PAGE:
Assessment of Water Quality and Quantity trends in Kabul Aquifers with an outline for future water supplies
Abdulhalim Zaryab1*, Ali Reza Noori1, Kai Wegerich2, Bjørn Kløve3
1Kabul Polytechnic University, Kabul, Afghanistan
2Martin-Luther-University Halle-Wittenberg, Institute for Geosciences and Geography, Germany
3University of Oulu, Faculty of Technology, Water Resources and Environmental Engineering Research Unit, Finland
*Corresponding author: email@example.com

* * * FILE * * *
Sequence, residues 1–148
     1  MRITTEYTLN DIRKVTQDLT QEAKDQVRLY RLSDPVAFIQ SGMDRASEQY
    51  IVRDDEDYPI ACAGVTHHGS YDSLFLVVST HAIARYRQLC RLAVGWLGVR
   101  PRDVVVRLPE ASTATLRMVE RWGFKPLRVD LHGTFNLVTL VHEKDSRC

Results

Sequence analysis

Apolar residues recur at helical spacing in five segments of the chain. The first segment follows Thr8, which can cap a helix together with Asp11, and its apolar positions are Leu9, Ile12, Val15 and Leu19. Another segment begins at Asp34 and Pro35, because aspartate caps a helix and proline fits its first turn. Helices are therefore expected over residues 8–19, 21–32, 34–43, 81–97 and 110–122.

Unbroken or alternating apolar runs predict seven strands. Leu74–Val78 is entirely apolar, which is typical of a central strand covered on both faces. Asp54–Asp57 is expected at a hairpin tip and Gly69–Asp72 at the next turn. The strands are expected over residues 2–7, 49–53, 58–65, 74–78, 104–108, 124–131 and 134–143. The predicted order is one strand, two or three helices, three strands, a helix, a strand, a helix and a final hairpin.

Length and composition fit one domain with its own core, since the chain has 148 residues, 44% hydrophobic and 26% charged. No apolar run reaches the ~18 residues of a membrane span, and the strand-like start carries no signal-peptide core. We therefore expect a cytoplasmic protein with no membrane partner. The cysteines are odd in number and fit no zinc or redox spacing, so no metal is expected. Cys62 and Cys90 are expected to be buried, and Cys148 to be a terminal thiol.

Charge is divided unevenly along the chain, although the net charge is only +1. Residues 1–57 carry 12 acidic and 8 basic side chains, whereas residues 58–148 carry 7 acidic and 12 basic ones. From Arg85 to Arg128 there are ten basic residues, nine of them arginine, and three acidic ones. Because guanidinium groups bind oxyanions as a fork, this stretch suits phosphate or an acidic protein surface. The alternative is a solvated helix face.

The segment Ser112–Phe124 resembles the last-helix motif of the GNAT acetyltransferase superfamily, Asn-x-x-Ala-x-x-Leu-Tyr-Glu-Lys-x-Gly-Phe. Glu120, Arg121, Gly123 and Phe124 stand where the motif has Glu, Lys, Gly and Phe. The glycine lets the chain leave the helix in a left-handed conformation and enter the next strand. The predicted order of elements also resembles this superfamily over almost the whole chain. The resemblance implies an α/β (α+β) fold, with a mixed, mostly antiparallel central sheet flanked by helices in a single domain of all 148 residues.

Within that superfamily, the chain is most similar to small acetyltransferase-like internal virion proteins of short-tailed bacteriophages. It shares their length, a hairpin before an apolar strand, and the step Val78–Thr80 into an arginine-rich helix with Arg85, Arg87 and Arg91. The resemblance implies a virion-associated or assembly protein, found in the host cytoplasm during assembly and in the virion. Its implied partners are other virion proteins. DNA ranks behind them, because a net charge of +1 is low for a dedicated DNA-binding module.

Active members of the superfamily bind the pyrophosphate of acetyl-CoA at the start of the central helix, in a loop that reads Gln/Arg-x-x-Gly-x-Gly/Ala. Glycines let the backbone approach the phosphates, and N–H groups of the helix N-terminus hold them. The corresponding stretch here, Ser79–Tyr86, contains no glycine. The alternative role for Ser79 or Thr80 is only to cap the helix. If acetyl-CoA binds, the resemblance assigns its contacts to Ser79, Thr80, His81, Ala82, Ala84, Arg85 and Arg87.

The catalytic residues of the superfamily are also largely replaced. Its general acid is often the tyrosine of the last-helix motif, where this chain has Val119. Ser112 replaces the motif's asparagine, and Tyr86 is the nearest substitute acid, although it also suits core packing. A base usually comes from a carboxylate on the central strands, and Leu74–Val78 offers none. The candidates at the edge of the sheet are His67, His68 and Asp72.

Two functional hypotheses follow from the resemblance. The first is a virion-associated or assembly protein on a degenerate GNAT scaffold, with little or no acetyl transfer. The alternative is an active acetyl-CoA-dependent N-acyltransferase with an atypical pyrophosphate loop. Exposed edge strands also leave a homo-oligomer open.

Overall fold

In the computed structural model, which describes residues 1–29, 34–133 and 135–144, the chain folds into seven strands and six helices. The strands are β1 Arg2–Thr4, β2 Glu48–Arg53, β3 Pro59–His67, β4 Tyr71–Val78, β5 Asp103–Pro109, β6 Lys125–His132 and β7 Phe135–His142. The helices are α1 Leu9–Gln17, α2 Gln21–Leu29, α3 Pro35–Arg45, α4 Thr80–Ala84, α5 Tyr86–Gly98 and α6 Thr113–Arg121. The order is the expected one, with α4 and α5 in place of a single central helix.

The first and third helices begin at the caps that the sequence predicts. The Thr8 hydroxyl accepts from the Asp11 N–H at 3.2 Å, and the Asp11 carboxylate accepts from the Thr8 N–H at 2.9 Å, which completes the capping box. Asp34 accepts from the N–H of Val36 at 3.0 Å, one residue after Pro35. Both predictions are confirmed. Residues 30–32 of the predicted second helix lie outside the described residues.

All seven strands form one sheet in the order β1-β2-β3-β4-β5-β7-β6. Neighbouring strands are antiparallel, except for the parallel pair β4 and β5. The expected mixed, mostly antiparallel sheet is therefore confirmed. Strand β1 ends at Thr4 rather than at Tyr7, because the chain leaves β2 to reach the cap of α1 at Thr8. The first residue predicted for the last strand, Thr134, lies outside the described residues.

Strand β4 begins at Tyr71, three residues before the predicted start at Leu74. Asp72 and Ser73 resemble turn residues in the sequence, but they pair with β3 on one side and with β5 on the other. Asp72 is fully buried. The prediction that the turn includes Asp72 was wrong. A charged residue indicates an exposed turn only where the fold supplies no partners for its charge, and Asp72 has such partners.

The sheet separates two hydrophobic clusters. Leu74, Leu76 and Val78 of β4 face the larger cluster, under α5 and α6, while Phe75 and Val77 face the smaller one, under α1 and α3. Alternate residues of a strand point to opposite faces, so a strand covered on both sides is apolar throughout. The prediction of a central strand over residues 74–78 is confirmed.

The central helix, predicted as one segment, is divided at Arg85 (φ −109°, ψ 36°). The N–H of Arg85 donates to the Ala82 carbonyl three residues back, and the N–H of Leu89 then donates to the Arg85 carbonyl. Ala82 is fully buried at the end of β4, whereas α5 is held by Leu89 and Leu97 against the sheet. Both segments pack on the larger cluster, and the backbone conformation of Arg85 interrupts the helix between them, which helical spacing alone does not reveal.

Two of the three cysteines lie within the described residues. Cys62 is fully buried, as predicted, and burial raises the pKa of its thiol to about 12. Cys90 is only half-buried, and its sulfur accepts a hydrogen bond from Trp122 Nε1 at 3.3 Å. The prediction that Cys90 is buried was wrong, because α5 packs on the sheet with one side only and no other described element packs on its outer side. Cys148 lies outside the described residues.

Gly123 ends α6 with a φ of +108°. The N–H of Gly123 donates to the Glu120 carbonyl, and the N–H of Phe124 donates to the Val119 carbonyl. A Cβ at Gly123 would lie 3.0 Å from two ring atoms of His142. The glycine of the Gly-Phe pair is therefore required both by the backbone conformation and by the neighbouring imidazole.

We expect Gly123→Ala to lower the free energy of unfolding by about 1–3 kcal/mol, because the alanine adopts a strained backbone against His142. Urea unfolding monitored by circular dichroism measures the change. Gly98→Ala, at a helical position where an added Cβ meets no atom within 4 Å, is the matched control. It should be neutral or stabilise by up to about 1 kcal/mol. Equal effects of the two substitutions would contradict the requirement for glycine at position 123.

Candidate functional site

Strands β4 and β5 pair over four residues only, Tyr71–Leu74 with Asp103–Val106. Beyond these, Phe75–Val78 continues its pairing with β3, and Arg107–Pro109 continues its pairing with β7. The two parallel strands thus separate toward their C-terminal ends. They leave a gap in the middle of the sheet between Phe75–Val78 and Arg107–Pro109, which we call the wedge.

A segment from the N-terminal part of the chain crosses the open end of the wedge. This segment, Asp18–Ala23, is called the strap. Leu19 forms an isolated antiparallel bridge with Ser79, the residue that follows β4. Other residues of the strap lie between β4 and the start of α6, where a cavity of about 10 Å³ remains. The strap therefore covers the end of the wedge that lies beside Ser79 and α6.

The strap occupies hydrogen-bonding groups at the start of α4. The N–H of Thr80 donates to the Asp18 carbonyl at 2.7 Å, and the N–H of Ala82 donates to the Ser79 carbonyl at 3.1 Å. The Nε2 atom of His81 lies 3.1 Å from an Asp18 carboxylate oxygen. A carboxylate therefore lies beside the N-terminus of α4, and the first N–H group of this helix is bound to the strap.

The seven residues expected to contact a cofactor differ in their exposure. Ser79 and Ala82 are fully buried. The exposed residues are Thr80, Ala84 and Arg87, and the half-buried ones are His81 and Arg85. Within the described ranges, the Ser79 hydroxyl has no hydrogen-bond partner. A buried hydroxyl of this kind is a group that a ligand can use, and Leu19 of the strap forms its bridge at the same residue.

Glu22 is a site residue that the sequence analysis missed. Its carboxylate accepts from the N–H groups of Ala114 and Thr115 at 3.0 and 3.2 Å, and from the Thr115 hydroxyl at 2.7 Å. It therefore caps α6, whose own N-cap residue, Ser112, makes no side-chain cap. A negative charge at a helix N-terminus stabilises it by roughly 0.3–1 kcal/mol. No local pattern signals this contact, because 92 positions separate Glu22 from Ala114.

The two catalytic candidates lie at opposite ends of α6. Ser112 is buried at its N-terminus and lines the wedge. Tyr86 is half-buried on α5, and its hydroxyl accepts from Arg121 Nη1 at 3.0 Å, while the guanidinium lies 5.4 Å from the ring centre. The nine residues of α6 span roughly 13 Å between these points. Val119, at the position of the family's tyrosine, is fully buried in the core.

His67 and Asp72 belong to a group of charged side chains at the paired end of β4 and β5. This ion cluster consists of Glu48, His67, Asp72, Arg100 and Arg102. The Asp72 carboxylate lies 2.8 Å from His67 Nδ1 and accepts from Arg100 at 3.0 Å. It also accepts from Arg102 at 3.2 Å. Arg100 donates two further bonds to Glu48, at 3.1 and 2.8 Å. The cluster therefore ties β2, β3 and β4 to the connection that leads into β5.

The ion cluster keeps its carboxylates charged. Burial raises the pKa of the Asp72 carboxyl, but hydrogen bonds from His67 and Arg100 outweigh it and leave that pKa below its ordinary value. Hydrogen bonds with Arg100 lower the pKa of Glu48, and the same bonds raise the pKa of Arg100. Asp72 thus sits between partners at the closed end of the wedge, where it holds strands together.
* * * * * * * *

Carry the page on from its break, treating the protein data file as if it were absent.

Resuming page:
The water supply to Kabul city is at serious risk due to groundwater over abstraction and severe contamination by sewage. The water overuse is partly due to poor management and a long period of war, and instability in Afghanistan. In recent years shallow wells have been installed and financed by aid programmes, but this, along with high population increase has also lead to over-use of groundwater resources. The current water supply of about 85% inhabitants depends exclusively on local, individual groundwater sources, obtained predominantly from shallow aquifers, mainly, by hand-pumps. The paper analyses the status and trends of the Kabul groundwater system and assesses new solutions to meet the future water supply demand. The status of groundwater shows that groundwater levels are declining quickly (1 m/year) and several wells are already dry. Moreover, water quality analyses of the Kabul aquifers show a negative trend in groundwater quality in respect to concentration of nitrates, borates and faecal microbes(indicated by the coliform bacteria). This pollution exceeds the maximum permissible values determined by the WHO. To provide new solutions for Kabul city, a master plan for future water resources has been developed and this is further discussed.Download the article
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